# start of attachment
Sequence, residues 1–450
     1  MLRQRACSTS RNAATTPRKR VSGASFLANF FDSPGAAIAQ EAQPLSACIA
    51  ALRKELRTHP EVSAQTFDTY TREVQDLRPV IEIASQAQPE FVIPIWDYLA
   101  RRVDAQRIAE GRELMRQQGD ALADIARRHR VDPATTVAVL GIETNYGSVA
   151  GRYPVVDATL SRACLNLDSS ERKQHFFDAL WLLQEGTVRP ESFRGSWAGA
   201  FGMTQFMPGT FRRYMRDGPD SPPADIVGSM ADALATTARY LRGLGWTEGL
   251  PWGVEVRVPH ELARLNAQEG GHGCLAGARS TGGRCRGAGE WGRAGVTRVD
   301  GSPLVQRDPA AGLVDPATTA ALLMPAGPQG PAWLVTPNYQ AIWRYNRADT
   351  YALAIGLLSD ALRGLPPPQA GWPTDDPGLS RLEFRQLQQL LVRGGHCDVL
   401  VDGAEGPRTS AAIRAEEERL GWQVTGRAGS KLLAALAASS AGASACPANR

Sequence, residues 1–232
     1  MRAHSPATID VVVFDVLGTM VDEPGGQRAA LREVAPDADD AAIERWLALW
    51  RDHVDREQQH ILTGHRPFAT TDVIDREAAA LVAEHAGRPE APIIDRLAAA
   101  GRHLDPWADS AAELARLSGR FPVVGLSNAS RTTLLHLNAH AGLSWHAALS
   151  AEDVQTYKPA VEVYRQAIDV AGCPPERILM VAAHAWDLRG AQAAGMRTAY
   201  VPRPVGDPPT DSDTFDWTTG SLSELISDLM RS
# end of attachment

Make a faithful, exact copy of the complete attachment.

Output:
Sequence, residues 1–450
     1  MLRQRACSTS RNAATTPRKR VSGASFLANF FDSPGAAIAQ EAQPLSACIA
    51  ALRKELRTHP EVSAQTFDTY TREVQDLRPV IEIASQAQPE FVIPIWDYLA
   101  RRVDAQRIAE GRELMRQQGD ALADIARRHR VDPATTVAVL GIETNYGSVA
   151  GRYPVVDATL SRACLNLDSS ERKQHFFDAL WLLQEGTVRP ESFRGSWAGA
   201  FGMTQFMPGT FRRYMRDGPD SPPADIVGSM ADALATTARY LRGLGWTEGL
   251  PWGVEVRVPH ELARLNAQEG GHGCLAGARS TGGRCRGAGE WGRAGVTRVD
   301  GSPLVQRDPA AGLVDPATTA ALLMPAGPQG PAWLVTPNYQ AIWRYNRADT
   351  YALAIGLLSD ALRGLPPPQA GWPTDDPGLS RLEFRQLQQL LVRGGHCDVL
   401  VDGAEGPRTS AAIRAEEERL GWQVTGRAGS KLLAALAASS AGASACPANR

Sequence, residues 1–232
     1  MRAHSPATID VVVFDVLGTM VDEPGGQRAA LREVAPDADD AAIERWLALW
    51  RDHVDREQQH ILTGHRPFAT TDVIDREAAA LVAEHAGRPE APIIDRLAAA
   101  GRHLDPWADS AAELARLSGR FPVVGLSNAS RTTLLHLNAH AGLSWHAALS
   151  AEDVQTYKPA VEVYRQAIDV AGCPPERILM VAAHAWDLRG AQAAGMRTAY
   201  VPRPVGDPPT DSDTFDWTTG SLSELISDLM RS